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CHATS PERCHÉS – Case of the Grinning Cat

The Nine Lives of Noradom Sihanouk

by Giles Cayatte
Icarus Films, Brooklyn NY, 2009
DVD, 52 mins., color
Sales, $390
Distributor’s website: http://www.IcarusFilms.com.

Mike Leggett
University of Technology Sydney


Why do the US-based Icarus Films persist in sending Leonardo, a journal of art, science and technology, DVDs that are ostensibly about politics, one might ask? Could it be that the means for addressing the citizens of the USA about serious matters of international politics are limited to one or two cable channels? Or maybe because those who have been educated to know that the rest of the world exists are, on the evidence, sequestered in the halls of learning? Sihanouk was a leader in Cambodia, a country in South East Asia, far away from Europe and the United States. Do I recognise his name and country from an ageing Leonardo Reviews New Materials list because I live in the ‘roughly’ adjacent country of Australia only eight hours flying time away? Or is it perhaps simply memories of disgraceful behaviour by the rich and powerful that led to another of the 20th Centuries episodes of genocide.

Noradom Sihanouk was a regally born Prince to a country with an ancient monarchical tradition. In the 1940s as he was coming of age, he graduated from the French education system and military to become King, though one who broke the pattern of previous monarchs and physically moved among the people in egalitarian style and affable manner. The film progresses through his career as eminence grise of the nation, as he switched loyalties between allies both within and external to the country, according to his feelings and judgement about his personal standing and those of ‘his people’.

The filmmakers by employing the familiar panel of academics and those close to Sihanouk in his years as both ruler and non-ruler, put together a journalist’s uncontroversial account of the nine lives they identify as triangulating his careering path between friends and foes alike. The French, the Vietnamese, the Russians, the Americans, the Chinese, the Khmer Rouge, the Koreans; all participate with Sihanouk in ‘conspiracies of silence’ to legitimise both his role and their own in winning territory, or influence, or material riches and preferably all three.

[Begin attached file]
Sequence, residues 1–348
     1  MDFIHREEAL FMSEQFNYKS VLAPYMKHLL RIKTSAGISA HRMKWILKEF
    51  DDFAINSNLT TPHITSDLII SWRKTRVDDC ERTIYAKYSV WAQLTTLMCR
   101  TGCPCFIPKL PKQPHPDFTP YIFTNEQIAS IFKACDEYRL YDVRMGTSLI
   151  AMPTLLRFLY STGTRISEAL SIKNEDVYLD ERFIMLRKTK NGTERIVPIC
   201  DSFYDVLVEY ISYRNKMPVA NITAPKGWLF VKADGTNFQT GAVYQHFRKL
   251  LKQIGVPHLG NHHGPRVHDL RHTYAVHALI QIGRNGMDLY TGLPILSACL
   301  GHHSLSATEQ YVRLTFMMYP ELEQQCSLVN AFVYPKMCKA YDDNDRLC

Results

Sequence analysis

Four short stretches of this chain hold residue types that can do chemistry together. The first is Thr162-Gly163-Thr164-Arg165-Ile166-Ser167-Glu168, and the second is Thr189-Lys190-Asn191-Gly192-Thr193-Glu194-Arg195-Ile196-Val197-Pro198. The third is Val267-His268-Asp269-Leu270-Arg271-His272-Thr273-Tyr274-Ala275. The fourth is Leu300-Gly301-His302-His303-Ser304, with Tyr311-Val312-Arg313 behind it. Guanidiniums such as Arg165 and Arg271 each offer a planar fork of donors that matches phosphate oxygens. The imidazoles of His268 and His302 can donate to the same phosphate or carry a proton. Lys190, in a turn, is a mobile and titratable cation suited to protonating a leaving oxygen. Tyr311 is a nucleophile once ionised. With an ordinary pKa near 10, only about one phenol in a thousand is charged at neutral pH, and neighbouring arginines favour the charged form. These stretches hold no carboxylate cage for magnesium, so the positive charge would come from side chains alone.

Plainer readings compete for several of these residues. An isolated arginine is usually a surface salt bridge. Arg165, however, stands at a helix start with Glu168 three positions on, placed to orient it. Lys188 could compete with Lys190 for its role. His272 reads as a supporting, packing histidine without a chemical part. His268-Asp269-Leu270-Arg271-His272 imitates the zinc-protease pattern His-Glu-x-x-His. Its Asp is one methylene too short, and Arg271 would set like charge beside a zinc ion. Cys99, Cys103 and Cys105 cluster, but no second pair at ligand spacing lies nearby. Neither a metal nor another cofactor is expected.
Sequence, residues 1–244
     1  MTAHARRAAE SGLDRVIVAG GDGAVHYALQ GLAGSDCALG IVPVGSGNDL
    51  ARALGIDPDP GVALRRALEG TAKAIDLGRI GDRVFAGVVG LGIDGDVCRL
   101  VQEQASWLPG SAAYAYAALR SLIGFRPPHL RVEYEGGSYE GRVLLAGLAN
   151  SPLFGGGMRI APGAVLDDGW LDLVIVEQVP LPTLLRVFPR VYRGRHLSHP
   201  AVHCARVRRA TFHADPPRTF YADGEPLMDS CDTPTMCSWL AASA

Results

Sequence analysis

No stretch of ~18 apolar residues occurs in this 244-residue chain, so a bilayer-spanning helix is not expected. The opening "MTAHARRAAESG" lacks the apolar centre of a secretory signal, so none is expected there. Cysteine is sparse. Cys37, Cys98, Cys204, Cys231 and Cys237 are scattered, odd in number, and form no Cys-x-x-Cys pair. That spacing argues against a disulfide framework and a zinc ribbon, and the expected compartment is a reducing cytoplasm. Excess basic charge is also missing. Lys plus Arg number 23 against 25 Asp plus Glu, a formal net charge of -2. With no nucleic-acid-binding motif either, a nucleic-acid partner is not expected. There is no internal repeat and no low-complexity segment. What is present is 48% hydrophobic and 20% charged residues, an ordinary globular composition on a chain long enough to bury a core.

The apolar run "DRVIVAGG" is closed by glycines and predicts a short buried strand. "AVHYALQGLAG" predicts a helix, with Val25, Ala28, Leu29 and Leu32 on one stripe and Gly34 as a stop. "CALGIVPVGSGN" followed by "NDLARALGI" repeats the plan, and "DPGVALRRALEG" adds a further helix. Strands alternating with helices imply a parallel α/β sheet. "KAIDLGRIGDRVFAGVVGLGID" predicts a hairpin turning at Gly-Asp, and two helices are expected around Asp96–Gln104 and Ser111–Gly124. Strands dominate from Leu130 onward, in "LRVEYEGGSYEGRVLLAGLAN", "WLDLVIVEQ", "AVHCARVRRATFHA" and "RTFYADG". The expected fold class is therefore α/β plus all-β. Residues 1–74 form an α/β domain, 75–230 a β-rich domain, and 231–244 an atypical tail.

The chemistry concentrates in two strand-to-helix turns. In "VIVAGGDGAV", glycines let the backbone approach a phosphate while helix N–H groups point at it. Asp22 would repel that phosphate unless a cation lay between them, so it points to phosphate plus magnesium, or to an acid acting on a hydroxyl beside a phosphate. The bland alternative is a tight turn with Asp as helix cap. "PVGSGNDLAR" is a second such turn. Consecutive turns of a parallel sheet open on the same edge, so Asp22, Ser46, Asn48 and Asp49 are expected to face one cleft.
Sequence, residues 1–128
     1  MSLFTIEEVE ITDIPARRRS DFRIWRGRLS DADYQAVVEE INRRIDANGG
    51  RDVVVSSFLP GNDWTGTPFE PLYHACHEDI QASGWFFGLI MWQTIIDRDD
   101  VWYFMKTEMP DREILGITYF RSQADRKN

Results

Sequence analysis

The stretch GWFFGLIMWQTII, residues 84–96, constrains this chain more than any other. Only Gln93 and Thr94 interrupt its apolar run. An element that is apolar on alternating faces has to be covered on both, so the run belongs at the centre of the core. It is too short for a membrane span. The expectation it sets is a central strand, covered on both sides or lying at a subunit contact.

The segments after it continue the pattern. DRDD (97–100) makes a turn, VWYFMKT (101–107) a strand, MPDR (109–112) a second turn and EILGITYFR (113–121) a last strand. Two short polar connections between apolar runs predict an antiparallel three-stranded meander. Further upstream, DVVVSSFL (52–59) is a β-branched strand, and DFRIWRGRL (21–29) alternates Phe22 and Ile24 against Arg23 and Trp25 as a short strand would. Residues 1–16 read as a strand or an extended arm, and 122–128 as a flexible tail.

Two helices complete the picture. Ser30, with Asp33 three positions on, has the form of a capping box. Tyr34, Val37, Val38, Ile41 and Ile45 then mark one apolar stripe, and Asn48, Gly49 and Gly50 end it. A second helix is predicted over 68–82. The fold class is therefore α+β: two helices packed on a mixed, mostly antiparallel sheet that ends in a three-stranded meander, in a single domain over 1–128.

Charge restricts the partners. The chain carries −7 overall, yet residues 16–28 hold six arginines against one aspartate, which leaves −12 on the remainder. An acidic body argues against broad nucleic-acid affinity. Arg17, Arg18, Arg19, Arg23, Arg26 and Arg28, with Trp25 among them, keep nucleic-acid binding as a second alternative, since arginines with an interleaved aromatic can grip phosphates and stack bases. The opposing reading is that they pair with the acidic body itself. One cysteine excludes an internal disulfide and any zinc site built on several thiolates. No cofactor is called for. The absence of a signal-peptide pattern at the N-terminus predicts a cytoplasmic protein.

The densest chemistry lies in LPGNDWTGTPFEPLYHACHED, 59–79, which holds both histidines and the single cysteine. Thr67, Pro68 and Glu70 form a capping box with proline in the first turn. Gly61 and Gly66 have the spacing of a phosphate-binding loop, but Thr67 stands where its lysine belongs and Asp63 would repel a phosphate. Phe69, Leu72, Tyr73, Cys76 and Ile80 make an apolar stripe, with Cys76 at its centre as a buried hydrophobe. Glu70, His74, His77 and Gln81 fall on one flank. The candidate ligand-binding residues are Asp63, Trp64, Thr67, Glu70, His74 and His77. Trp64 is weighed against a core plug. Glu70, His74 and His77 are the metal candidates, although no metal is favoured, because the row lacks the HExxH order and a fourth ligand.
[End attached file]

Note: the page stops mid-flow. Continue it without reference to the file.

The film successfully paints a picture of a peasantry supplicant to the authority of whichever strongman used the technology of the day to subjugate and exploit. Regularly we catch glimpses of the extraordinary 1000-year old structures of Ankor Wat, the backdrop for the photo-opportunities of this history, garnered from film archives by the filmmakers. A world tourist destination today by way of the killing fields, we are left by the clipped reportage to ponder our location in a culture that continues to consume only that which is on offer; but the DVD is added to the stack with more positive intent.

In many of the United States, a recent history of universities is deeply implicated in the history of Cambodia. As a nation the country suffered what later became known as collateral damage, not only from the tonnage of bombs dropped from B52s and other technologies supported by certain university research programs, but also from the perfidious political machinations of the Administration. At the time the universities were divided between political support and political opposition to either the War, or the acceptance of research funds from the ‘military-industrial complex’, or both.

Forty years later opinion on the sources of research funding are no longer debated and yet the technologies of war in 2010 require far more advanced research than back in the 1960s and 70s; there is little doubt advances led by creative people into games design for example, has been of huge benefit to soldiers, policy-makers and pumped-up politicians in continuing to pursue wars for the defence of imperialist-corporate objectives. Well-made films like this one by Giles Cayette, though restricted to DVD dissemination, are necessary to remind the mindful and knowledgeable of politics and the consequences of the corruption of democratic resolve by our various leaders.

Last Updated 7 July, 2010

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